It is the beginning of a new session. As innovative educators it is best to look out for ways to make learning more fun and teaching more effective. One of the ways we can improve on our content delivery is to incorporate technology in our teaching process. Technological tools can make your life as a teacher simpler and more impactful.

Spreadsheet programs like Microsoft Excel and OpenOffice.org Calc can be used to manage grade sheets effectively. Not only do they provide a safe backup compared to paper sheets, they are also provide ways to keep grade records.

They can also be used to automate complicated tasks from calculating averages to providing detailed statistical analyses of the class’s performance. This guide deals with the basic most common tasks, here are the ways you can start using Google sheets to enhance your productivity.

Using Common Formulas

Google sheets has a bunch of built-in formulas for carrying out large statistical and data manipulation tasks. You can also combine formulas to create more powerful calculations and strings tasks together.

To use add a formula to a cell, begin typing with a = sign in a cell followed by the formula name. Google sheets will auto-fill or suggest formulas based on your first letters, so you don’t need to remember every formula. The basic formulas can help you make quick calculations such as sum, average, count on the data you have for your classroom.  Using Basics Statistical Data

As earlier stated, one way to use Microsoft excel as an educator is for reporting student academic performance. At the end of a semester, you will want to calculate a total point value and a percentage score for each student. You can program the spreadsheet to do the work on the values in appropriate cells.

Basic statistical data can show you things you would otherwise take days sorting out in paper form. Some of the important statistic you can do with excel are:

• Average: Find the average of a range of cells
• Min: Find the lowest value in a range of cells (=SUM \$1: \$20)
• Max: Find the highest value in a range of cells (=SUM \$1: \$20)
• Count: Count the values in a range of cells

Using Round Off and Percentages

In creating a Grade work Book, you have the opportunity to work with real test scores, which might have variations in decimals. How do you make quick decisions by rounding up these variations into decimals.  Test whether the formulas you have learnt can work for you. Enter the names of students and scores of real assignments and use the round up & percentage formulas to:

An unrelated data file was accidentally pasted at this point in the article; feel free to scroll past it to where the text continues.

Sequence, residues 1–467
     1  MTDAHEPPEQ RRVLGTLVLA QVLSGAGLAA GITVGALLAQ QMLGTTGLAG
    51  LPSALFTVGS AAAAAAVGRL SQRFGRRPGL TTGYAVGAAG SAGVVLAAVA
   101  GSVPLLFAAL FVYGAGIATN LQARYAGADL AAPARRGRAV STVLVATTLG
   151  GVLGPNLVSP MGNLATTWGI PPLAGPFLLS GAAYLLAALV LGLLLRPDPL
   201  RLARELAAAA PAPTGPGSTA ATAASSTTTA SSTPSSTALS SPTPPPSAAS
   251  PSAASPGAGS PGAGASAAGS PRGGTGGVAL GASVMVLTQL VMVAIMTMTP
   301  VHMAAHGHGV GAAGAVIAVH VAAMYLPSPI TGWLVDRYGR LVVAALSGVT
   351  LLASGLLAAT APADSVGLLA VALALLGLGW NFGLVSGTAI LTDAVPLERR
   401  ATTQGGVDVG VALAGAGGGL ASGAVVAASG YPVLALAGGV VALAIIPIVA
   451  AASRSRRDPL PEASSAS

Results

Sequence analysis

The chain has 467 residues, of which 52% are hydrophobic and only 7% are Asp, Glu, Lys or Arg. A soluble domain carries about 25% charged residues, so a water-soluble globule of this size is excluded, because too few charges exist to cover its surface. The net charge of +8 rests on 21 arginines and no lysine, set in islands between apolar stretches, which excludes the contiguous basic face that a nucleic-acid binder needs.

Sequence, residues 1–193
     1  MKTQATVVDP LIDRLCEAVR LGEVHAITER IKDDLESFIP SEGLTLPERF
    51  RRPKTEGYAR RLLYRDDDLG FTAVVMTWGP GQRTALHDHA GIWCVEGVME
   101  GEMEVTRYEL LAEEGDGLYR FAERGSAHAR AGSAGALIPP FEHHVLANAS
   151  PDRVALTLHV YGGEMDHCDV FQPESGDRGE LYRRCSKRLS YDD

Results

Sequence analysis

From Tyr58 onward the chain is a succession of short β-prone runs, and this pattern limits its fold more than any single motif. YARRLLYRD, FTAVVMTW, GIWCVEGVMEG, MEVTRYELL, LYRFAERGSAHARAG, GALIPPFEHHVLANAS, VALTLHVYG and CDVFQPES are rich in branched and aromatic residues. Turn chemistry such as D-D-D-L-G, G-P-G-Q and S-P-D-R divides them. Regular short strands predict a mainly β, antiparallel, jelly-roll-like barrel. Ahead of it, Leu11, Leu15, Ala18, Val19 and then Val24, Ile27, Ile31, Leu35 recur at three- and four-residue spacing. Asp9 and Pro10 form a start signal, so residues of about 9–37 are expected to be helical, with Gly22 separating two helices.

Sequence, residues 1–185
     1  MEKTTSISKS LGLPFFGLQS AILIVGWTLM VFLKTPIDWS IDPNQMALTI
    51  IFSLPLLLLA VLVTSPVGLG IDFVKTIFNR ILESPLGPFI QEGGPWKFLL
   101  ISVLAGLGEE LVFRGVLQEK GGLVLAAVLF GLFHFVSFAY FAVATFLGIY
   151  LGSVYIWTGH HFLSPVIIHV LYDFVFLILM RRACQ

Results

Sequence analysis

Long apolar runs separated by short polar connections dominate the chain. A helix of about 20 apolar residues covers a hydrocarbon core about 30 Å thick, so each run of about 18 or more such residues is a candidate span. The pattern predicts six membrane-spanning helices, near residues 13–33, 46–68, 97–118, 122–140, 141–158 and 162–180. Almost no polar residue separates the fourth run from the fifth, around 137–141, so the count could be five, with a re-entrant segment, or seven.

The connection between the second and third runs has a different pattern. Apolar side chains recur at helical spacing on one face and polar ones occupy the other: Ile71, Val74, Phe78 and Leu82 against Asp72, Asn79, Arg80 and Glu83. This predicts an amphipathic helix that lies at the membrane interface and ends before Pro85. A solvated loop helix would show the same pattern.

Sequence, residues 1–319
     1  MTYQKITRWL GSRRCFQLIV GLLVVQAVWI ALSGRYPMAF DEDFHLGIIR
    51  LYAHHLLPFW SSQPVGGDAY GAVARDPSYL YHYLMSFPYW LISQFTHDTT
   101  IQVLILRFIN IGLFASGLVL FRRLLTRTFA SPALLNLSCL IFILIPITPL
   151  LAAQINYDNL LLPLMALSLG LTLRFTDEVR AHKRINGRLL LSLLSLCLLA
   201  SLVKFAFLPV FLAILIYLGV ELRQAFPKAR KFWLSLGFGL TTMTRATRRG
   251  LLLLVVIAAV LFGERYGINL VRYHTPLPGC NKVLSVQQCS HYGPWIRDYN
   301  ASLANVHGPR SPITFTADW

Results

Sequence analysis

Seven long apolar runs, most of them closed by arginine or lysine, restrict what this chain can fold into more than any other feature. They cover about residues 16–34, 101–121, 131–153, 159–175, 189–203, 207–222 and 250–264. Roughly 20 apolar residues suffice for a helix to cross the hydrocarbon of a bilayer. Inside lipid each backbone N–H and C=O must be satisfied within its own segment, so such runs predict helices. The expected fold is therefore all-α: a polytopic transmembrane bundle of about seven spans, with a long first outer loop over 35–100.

• Create percentage scores for each student
• Roundup scores & use minimum & maximum to calculate highest & lowest performing students Source: exceljet.net

Creating a report sheet template

At the end of a session, you will want to calculate a total point value, and probably a percentage for each student. To do this you can program the spread sheet to do the work on the values in appropriate cells.  If you specify what grade should cover a particular range (say Grade A will be for 75 – 100), then Google Sheet will do the work by identifying each grade scores and aligning a Grade score next to it!

The Nest IF Solution

=IF(Score>=75,”A”,IF(Score>=60,”B”,IF(Score>=50,”C”,IF(Score>=40,”D”,”F”)))) As seen above this sample report above, using the simple formulas, we were able to add T1, T2, T3,T4,T5 representing 5 test scores of this class. Next we calculated the percentage scores, in the PCNT column, next, we used the round off formula to round up the numbers, then we used the Nest If Solution to calculate the grade of each student, finally, we were able to the highest performing student using the maximum score formula.